• @Carson63000 - maybe true, but what's the alternative? If the experienced COBOL programmers start retiring, you have to hire someone. Self-taught is better than "knows nothing". You'll have to train them either way, but maybe you don't have to start from scratch. Commented Dec 15, 2011 at 15:20
  • @joshin4colours - The question isn't whether to learn something for fun with the hopes of more future opportunities; the question is what to learn. Also, job opportunities today are the only information we have. If you're trying to speculate about what will be in demand in the future, a new technology is at least as good a bet as the resurgence of an old one. Either way, you're making a bet. You could learn COBOL or Go, for instance. Either could pay off big or be a bust. The odds are anyone's guess. Commented Dec 15, 2011 at 15:25
  • @Carson63000: Moreover, last I looked, COBOL jobs usually had other requirements, typically old IBM products. You can get a free COBOL compiler and learn COBOL with it (not that I'd allow such a thing in my house - personal reasons), but CICS is something that is normally learned on the job, because you can't get a low-priced version to practice on. (Note: Information supplied may be out of date.) Commented Dec 15, 2011 at 19:59

If your goal is to be able to compete in the job market I suppose this is country specific so I will address this from the point of view of the USA.

In the USA there are lots of older programmers who have been laid off from major companies who have 10+ years experience in these "archaic" languages. If you were a hiring manager in need of a COBOL or FORTAN programmer for a complex legacy system (unlikely they would be building a new system in an archaic language!), who would you hire? Would it be a programmer with 20 years experience on COBOL or a hotshot web developer who learned COBOL on the side for fun but has never actually worked as a COBOL programmer?

On the other hand if the goal is to broaden your knowledge in general or because you want to do it for fun then I say go for it. It is always good to learn multiple languages.


You're also taking an opportunity cost by learning them. You could be learning something modern and directly useful, but you're not - you're learning COBOL instead. If you already have all the skills and knowledge you need for your field, that might be worth it as a hedge or curiousity, but you're a junior developer. You still have core skills and tools to learn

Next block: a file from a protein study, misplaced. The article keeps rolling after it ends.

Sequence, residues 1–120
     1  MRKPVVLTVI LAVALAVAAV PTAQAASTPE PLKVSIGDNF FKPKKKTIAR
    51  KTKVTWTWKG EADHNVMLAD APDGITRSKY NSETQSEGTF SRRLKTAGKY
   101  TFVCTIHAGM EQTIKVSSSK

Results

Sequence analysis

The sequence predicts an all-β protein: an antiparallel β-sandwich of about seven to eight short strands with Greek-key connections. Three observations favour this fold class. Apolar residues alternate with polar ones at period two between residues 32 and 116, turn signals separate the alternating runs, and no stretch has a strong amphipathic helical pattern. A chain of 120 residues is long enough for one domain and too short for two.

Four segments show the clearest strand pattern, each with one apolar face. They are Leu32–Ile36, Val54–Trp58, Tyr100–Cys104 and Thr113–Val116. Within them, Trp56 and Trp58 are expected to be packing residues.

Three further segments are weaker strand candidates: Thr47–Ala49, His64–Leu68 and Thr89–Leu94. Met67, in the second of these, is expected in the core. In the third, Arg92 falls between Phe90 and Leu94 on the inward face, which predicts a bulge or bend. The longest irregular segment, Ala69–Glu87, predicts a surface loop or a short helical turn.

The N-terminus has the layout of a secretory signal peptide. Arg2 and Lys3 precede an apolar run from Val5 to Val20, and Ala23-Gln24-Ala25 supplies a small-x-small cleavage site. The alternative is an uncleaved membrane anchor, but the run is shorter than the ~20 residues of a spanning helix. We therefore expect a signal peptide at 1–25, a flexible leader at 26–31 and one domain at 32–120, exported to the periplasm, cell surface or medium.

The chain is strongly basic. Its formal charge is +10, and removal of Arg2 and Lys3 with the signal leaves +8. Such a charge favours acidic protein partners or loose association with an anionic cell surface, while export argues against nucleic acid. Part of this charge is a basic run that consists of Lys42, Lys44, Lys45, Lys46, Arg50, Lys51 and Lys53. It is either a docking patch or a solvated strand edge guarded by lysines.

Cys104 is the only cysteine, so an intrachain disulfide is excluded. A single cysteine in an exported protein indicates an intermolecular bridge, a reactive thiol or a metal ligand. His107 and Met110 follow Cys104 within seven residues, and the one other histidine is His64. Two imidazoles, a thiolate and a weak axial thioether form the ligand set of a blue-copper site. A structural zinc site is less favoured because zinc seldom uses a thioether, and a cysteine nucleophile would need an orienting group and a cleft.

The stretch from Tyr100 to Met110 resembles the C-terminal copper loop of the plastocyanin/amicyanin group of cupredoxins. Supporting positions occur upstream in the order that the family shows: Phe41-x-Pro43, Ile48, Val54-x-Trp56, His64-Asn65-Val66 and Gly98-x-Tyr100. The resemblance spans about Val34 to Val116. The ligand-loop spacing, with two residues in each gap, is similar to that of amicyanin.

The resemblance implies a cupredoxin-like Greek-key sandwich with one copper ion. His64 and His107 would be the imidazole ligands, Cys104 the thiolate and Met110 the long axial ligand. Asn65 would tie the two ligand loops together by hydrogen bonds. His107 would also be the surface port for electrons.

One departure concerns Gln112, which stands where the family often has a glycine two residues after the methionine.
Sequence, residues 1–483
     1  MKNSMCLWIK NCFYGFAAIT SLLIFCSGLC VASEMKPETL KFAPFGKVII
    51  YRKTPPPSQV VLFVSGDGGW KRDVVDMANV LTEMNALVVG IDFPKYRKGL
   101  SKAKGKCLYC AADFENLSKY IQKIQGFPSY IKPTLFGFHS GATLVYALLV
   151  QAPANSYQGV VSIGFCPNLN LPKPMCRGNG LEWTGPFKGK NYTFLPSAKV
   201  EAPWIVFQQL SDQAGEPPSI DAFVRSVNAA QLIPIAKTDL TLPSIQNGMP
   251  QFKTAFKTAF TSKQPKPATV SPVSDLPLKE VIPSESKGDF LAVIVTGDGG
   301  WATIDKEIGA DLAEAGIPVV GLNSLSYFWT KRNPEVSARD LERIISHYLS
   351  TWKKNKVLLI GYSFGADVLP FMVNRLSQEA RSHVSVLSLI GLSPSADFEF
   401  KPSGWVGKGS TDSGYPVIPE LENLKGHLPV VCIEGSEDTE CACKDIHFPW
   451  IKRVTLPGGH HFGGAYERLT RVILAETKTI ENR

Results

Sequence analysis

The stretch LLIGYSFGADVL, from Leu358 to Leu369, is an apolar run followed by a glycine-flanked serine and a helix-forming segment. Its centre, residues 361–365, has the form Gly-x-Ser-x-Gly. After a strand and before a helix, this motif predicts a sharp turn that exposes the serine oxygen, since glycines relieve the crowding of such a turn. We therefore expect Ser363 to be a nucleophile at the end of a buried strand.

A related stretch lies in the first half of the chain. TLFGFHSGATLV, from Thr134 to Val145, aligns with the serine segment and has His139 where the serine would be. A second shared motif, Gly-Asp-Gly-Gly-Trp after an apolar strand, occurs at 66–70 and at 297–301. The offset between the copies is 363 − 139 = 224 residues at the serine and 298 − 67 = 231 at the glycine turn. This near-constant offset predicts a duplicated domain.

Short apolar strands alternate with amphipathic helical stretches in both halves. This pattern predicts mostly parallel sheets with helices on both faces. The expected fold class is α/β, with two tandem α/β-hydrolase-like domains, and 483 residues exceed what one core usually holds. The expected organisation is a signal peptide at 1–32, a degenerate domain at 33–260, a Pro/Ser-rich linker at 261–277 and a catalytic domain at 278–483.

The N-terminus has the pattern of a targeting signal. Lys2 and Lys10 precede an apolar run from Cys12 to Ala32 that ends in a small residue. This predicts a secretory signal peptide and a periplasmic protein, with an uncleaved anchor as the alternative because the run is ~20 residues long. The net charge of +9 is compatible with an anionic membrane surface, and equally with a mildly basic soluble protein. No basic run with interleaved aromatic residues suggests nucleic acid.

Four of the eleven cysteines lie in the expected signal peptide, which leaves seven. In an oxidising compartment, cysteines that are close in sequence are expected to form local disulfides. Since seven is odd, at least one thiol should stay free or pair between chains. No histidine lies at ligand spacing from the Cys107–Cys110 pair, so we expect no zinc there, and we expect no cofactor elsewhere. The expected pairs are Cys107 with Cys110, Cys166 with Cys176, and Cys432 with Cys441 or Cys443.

I am not sure if ABAP qualifies as an archaic language as half the fortune 500 are running at least one up to date SAP package. The design is definitely archaic.

Anyway to answer the question. Yes its definitely worth learning, not as a primary career option, but there are several projects that are either replacing a COBOL system or more commonly interfacing with an existing COBOL system. An understanding of COBOL and its environments is a definite plus even if the project itself is Java, C# or whatever.

Also a knowledge of COBOL, Basic or ABAP will let you appreciate how lucky you are to programming in Java :-).

  • Haha excellent point, the lucky to program in Java point. Up voted you just for that. I recently joined my first job as an ABAP programmer and now Java looks like heaven :D
    – aml90
    Commented Nov 15, 2012 at 12:11

As someone who has come into contact with archaic languages (such as FORTRAN and a couple other domain-specific languages), I'd say that you shouldn't set out to learn these languages until you need them in your job. When you need to work on that old module, learn enough to do the fix and move on. Spending a lot of time becoming an expert on f77 isn't useful these days.

On the upside, many of the older languages are much simpler in that there are very few constructs, keywords, and a very small standard library- so learning these languages is easy in comparison.

EDIT to add that you should learn C inside and out if you have not already done so. The older languages seem to live closer to the hardware (notwithstanding Lisp and other functionals or limited use ones- the ones you'll see are close enough to C to make it worth it).


If it is classified in your mind or the mind of the community in general as archaic then I'd say stay away from it unless you have good reason to look into it. As was mentioned previously, it would be hard to compete with the rusty old developers who have been using those archaic languages for decades.

I will however agree with the larger premise of learning other languages, even some of the obscure ones. Much like the pragmatic programmer I would recommend learning one new language every year. I'd also take it a step further and say you should alternate different types of languages. One year learn a new dynamic language like Ruby or Python, then learn a new desktop language like Eiffel or Delphi, then learn a functional language like Haskell or Scala, then go for a web specific language or framework like jQuery, YUI, node.js, php or similar. If you get bored take a crack at a low level language like C, HLA, PowerBasic or straight up Assembler. By the time you make the full circle there will be new languages or frameworks to try.

The idea is that you will learn new approaches to solving problems that perhaps you had never been exposed to before.